For a small group of students who are on campus for the first time this spring semester, Ithaca College is a fresh experience, even in the dead of winter.
After her first semester at University of Rhode Island, freshman Haley Brennan said she was worried that college may not be right for her and was reluctant to try again.
“I had a pretty rough semester at URI. I was really unhappy,” Brennan said. “I didn’t really connect with people at URI. It was a big fraternity-sorority culture, and that’s not me. I felt so in a bubble … you couldn’t get off campus if you tried.”
Brennan is a Rochester native, and she said being over seven hours away from home was a struggle for her. The college also had a much better film program to offer, Brennan, a documentary studies major, said.
“Here it was the perfect distance from home, and it was one of the best film schools in the country,” Brennan said. “People here just seem to care more about what they’re studying.”
Brennan is among a small demographic of students who choose to enroll at the college in the spring rather than the fall. In the fall semesters of 2010–14, the college enrolled an average of 122 out of an average applicant pool of about 552 transfer students, according to the common data set. In the spring, an average of about 41 new transfer students were enrolled over the past five years, according to data from the Office of Institutional Research.
Admissions director Gerard Turbide said via email that admission for the spring is no more competitive than in the fall, and the amount of fall admission informs space for spring applicants. The exception, Turbide said, is in the music and theater departments, where opportunities for admission are “extremely limited, and in some years, nonexistent.”
Tate Dremstedt said he chose the college because of the Roy H. Park School of Communications and the smaller size. At Indiana University, which enrolled over 46,000 undergraduates in the fall, Dremstedt said it takes 50 minutes to walk from one end of campus to another.
“I really liked how Ithaca was a smaller school, because it’s a better way of keeping in contact with people and networking yourself,” he said.
In Indiana, Dremstedt had an internship where he worked on hunger and homelessness issues in his hometown, and he said he is eager to get involved with student organizations and the greater Ithaca community.
“Bloomington has [about] 30 percent of its population living below the poverty line, which is actually really similar to Ithaca,” Dremstedt said. “I’ve contacted Loaves and Fishes and some other nonprofits here.”
Dremstedt, who will either be a sophomore or a junior depending on how his credits transfer, said though so far he is happy with his new school, it is difficult to meet people all over again.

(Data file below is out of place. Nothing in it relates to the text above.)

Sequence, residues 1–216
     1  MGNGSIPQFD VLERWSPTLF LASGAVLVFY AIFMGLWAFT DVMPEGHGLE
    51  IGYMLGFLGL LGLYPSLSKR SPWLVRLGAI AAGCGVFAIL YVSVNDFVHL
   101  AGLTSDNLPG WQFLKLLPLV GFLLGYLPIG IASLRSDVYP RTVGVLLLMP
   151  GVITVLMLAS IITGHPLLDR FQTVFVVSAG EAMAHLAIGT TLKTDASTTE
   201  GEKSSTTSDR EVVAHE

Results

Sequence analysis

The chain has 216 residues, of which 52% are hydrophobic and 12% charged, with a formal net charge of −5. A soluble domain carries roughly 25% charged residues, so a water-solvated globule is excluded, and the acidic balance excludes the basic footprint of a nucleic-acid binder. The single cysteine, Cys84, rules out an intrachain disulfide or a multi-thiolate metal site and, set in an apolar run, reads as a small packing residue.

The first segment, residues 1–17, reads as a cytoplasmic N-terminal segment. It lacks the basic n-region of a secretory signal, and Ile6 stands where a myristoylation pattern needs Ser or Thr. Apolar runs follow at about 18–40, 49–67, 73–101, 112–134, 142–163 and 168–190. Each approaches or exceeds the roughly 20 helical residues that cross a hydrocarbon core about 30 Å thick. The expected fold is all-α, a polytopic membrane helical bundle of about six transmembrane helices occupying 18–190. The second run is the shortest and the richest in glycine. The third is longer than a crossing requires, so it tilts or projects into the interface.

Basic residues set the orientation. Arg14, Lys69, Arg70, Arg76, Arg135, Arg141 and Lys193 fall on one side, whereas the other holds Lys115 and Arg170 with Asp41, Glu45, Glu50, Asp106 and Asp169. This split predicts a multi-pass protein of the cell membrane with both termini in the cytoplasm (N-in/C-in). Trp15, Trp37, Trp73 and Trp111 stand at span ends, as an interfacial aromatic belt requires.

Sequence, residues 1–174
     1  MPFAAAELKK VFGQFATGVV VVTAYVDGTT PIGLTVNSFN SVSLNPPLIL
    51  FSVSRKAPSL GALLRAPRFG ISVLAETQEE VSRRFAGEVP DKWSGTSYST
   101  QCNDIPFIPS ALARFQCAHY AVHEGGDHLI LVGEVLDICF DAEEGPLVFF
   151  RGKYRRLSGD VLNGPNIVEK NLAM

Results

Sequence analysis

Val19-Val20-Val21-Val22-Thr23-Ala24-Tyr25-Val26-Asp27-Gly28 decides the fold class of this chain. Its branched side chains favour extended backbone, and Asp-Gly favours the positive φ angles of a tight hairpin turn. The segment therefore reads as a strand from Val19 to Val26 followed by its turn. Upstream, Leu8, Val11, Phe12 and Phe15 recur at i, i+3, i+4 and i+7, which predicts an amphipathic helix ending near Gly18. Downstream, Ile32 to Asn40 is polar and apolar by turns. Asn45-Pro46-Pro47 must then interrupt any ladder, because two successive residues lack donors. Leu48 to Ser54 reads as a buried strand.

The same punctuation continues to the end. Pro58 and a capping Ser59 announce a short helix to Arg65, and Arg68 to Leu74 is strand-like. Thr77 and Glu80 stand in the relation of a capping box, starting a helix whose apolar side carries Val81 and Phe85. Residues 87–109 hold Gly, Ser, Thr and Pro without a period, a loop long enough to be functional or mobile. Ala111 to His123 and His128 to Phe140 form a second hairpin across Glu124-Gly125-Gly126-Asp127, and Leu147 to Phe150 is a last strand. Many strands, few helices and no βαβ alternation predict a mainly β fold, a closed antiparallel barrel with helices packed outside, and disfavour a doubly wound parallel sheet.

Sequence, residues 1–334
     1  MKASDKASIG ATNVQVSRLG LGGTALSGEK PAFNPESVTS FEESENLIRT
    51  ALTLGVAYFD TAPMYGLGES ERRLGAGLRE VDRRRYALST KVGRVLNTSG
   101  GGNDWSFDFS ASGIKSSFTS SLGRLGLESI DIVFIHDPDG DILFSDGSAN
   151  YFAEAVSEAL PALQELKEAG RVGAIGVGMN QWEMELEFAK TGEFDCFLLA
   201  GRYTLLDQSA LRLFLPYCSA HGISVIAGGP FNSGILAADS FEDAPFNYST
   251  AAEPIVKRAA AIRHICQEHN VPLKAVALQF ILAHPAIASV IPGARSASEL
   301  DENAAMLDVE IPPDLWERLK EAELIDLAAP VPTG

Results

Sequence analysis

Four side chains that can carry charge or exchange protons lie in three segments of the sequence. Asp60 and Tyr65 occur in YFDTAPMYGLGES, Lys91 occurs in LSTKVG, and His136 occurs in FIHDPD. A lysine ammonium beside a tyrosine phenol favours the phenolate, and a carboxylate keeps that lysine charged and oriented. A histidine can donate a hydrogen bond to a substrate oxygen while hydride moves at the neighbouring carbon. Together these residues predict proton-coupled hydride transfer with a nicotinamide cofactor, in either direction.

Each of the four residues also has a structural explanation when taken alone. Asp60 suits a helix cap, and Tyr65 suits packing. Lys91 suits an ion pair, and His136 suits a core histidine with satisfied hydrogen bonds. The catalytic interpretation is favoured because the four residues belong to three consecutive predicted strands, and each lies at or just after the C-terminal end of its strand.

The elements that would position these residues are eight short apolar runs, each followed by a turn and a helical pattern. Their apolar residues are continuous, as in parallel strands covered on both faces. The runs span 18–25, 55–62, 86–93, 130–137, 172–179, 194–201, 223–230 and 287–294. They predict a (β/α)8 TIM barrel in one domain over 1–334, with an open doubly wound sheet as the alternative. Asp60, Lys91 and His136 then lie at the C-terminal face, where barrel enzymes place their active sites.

“At IU I had a pretty good network of people, and it’s weird to be like the freshman again,” Dremstedt said.
According to the college’s website, credits earned with a grade of C- or higher will usually transfer, but each course a student attempts to transfer is evaluated individually and may be disallowed. Additionally, the undergraduate catalogue says transfer students have the option to pick an Integrated Core Curriculum theme available only to them, called Liberal Arts and Society. Akin to the freshman seminar, a transfer seminar is also offered but may be worth only one or no credits.
Dan Davidson is a part of an even tinier group that is enrolled as incoming freshmen in the spring. Data from the college’s Office of Institutional Research for spring semesters 2010–14 show the annual enrollment of freshmen in the spring ranges from just four to nine students.
Davidson originally enrolled at University of Hartford for a seven-year physical therapy program.
“I sort of made — I don’t know if I would say rash — maybe, too quick [of a decision] to go to Hartford,” he said.
Davidson did take a roundabout way of becoming a Bomber, but it’s a journey he said he is happy with. After his first year at Hartford, Davidson left school and started working, and then realized he wanted to travel.
“I looked up programs where you could travel and study at the same time,” Davidson said. “So I went to Israel for six months to a kibbutz — in Israel it’s like it’s own community, and they’re pretty much self-sustaining.”
Upon returning from Israel, Davidson realized it was time to go back to school. He enrolled at the college in the exploratory program.
“I probably should have come here first, honestly,” Davidson said. “But everything happens for a reason.”
Brennan, Dremstedt and Davidson each said they were warmly welcomed to the college and, so far, have a positive outlook on their futures at the college.